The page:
Ventriculo-gallbladder shunt: a case report of a neglected technique




Hydrocephalus, Neurosurgery, Ventriculoperitoneal Shunt


Hydrocephalus is a common central nervous system (CNS) disorder in which there is an excess of cerebrospinal fluid within the cerebral ventricles, leading to their dilation. There are several pathologies that lead to this scenario: cerebral aqueduct stenosis, congenital malformations, cerebral neoplasms, cerebral hemorrhages, traumatic brain injury and meningitis, while the signs and symptoms differ according to age, underlying disease, malformations or associated injuries, and intracranial pressure level. The invasive treatment routinely performed for hydrocephalus is the insertion of a drainage system, known as a bypass. The present report describe a case of a 4-year-old patient with a history of using multiple ventricular shunts with multiple complications which had as a definitive treatment a ventriculogallbladder shunt (VGB) technique, and was asymptomatic after 2 years of follow-up. VGB has a great indication factor, does not present physiological changes due to its absorption of CSF, manifests fewer complications during its use, and is controlled by radiography and USG. However, it is currently used in cases of ventriculoperitoneal shunt  (VP) failure. A VGB placement carries the same risk of all inherent complications that can occur with a VP, including malfunction and infection. It can be concluded that a VGB is underestimated by most physicians as it is not a conventional method. Despite this, it should be an alternative to be considered in case of refractory patients and in the absence of effectiveness of other types of shunts.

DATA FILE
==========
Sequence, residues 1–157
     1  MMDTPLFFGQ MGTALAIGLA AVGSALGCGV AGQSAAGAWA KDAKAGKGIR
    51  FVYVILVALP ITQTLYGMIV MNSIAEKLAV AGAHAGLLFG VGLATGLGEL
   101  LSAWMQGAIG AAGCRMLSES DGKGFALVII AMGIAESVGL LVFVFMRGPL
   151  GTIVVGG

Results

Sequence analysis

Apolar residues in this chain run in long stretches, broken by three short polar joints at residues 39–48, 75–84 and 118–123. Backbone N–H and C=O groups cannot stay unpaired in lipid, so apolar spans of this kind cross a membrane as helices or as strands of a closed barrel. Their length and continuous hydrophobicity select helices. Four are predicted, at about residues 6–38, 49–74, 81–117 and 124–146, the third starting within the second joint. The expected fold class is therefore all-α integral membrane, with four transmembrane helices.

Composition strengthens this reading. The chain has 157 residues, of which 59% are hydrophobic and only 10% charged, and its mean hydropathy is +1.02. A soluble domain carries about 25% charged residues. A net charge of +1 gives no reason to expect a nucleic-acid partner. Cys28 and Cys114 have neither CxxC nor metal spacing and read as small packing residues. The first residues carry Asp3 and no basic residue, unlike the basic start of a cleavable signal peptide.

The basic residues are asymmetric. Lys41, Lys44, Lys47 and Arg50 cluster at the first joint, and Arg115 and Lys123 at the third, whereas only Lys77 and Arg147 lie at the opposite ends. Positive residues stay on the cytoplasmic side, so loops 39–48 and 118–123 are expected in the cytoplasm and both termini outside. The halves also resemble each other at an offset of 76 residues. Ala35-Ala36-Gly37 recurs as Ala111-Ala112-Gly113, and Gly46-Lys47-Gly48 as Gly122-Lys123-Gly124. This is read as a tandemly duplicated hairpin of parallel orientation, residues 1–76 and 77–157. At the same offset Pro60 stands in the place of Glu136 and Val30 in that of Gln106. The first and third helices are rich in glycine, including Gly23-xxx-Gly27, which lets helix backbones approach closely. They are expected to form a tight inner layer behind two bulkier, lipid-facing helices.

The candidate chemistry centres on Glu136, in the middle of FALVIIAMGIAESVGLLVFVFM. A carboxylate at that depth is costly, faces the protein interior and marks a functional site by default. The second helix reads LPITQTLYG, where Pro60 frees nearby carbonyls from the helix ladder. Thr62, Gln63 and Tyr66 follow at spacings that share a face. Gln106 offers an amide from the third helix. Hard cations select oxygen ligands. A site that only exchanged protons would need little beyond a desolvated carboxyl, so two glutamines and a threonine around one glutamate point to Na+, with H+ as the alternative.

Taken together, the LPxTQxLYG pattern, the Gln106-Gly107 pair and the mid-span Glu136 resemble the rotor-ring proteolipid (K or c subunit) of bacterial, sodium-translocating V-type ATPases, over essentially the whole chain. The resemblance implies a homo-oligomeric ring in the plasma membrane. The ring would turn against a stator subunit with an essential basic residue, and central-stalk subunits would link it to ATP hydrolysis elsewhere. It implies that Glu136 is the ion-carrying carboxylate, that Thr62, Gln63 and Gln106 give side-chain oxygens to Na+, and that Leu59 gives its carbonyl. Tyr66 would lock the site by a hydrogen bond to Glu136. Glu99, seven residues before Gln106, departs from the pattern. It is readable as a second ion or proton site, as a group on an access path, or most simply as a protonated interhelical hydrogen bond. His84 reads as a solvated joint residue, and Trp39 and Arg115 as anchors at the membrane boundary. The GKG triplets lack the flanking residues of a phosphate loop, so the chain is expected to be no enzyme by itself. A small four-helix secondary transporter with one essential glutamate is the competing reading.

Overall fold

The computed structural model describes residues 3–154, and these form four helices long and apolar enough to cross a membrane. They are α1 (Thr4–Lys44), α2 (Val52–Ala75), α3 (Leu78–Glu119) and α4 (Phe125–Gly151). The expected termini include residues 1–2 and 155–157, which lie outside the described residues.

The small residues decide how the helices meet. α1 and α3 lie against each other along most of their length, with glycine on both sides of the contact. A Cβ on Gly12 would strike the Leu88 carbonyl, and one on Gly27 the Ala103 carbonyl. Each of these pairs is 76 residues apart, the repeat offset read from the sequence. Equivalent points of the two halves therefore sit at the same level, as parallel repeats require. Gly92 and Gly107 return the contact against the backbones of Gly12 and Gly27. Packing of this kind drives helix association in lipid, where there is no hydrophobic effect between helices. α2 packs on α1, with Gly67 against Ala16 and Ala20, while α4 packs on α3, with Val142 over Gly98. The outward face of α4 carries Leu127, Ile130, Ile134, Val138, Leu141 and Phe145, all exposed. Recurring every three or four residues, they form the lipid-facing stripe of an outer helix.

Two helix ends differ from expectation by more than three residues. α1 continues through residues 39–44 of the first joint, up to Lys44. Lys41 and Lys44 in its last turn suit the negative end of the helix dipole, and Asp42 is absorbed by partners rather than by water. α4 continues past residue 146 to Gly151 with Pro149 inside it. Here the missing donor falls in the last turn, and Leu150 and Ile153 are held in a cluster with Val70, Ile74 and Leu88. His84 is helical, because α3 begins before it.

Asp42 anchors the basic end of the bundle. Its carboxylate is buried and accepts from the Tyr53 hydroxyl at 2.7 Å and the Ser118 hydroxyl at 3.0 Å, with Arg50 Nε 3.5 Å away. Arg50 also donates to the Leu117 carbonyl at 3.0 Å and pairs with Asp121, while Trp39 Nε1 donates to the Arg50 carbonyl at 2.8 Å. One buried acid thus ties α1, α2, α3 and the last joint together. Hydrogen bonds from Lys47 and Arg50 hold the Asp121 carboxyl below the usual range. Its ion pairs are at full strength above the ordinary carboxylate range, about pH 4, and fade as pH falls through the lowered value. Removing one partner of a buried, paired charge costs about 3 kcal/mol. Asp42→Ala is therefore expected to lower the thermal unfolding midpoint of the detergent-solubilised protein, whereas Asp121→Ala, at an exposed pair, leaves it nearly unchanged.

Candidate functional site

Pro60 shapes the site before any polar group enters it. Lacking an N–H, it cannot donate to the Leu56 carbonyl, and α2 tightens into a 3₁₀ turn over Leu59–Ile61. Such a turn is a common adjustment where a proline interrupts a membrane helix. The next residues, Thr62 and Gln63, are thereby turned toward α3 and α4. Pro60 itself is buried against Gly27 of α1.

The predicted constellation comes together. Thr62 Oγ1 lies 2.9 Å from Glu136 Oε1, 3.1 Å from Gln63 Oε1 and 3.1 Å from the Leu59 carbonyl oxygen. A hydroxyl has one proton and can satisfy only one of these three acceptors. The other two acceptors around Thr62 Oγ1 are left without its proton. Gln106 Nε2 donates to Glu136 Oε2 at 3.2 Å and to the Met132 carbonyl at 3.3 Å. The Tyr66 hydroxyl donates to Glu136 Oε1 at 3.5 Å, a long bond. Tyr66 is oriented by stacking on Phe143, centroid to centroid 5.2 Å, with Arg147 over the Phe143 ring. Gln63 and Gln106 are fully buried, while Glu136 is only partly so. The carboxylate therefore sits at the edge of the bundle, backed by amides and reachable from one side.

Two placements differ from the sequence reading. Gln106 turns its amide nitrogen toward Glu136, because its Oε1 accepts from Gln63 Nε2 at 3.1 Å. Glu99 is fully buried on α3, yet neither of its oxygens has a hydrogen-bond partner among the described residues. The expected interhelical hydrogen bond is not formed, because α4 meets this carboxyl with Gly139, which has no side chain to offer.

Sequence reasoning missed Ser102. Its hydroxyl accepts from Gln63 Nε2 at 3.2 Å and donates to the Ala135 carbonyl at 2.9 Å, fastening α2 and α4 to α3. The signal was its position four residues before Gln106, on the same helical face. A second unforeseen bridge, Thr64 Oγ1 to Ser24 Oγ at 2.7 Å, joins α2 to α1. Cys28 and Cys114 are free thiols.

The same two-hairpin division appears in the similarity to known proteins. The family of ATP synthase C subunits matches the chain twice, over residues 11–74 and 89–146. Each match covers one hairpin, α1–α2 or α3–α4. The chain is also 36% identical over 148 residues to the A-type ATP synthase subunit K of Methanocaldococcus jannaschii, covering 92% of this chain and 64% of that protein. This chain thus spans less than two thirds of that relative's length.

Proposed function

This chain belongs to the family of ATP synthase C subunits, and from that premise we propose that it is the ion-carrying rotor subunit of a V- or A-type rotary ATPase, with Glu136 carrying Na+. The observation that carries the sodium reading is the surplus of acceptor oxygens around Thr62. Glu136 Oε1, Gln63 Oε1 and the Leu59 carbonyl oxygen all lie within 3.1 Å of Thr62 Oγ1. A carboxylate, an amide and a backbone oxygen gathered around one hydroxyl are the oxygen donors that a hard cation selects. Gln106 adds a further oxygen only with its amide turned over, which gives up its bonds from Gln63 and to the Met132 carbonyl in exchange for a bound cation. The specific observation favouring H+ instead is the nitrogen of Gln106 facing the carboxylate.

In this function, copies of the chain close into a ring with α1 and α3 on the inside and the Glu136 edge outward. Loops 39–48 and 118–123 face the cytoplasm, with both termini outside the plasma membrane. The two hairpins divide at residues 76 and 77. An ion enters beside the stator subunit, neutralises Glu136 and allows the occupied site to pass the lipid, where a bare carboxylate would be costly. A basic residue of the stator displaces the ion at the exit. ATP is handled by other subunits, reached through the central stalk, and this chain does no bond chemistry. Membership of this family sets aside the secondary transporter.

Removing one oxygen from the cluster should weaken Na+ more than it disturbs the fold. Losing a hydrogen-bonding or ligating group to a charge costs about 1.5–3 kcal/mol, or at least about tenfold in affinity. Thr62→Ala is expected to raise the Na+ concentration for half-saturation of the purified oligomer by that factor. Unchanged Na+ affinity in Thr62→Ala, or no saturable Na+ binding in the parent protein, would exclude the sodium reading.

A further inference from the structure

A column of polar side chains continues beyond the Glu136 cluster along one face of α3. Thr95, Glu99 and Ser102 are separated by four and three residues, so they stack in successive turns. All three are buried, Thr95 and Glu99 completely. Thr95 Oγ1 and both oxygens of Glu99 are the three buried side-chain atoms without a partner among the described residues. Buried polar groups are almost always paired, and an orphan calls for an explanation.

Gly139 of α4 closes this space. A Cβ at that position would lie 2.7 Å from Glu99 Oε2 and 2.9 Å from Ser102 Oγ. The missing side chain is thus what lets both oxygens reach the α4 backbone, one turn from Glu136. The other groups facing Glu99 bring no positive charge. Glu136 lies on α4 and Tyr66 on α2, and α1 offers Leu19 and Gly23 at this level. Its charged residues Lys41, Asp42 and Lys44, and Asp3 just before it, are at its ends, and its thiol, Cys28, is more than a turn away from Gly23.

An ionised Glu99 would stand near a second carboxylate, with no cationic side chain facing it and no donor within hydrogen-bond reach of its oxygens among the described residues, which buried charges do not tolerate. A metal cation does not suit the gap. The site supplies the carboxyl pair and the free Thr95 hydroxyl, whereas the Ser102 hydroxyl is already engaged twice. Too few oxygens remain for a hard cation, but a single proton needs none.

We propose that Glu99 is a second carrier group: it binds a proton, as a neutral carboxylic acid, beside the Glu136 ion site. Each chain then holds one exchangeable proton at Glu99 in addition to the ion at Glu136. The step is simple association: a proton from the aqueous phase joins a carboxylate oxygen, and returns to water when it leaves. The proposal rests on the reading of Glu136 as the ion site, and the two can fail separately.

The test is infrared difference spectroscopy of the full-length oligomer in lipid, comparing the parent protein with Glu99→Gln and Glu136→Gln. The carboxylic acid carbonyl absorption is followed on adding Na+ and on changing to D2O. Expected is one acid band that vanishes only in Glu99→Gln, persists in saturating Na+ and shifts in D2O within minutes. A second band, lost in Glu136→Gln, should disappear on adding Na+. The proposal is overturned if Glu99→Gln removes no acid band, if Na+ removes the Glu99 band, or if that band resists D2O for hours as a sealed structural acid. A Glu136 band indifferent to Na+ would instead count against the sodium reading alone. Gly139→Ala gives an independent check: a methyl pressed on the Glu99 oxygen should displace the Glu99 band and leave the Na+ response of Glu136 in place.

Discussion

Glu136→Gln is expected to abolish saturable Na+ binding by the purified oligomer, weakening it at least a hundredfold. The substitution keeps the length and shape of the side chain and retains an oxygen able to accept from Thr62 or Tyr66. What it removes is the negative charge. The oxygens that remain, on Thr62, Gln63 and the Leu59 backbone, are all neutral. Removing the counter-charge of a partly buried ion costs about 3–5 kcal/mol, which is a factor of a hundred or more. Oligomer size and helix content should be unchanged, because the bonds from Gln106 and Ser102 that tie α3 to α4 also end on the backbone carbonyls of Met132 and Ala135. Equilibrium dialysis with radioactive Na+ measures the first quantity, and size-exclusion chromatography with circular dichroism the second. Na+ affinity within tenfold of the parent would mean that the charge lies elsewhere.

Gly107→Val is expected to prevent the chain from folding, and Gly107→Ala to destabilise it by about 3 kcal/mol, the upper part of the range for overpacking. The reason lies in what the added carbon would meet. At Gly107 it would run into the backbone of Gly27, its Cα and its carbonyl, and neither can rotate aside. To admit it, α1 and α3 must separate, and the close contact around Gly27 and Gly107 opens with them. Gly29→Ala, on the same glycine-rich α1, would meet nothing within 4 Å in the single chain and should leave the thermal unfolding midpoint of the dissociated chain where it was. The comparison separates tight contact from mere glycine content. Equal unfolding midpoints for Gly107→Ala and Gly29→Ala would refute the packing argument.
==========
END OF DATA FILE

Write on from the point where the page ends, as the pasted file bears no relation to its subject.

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Spenazato V, Rodrigues AR, Vilela BP, Santos CB, da Paz JVC, de Oliveira RS, Ballestero MFM. Ventriculo-gallbladder shunt: a case report of a neglected technique. Arch Pediatr Neurosurg [Internet]. 2022 Sep. 25 [cited 2024 May 24];4(3(September-December):e1432022. Available from:

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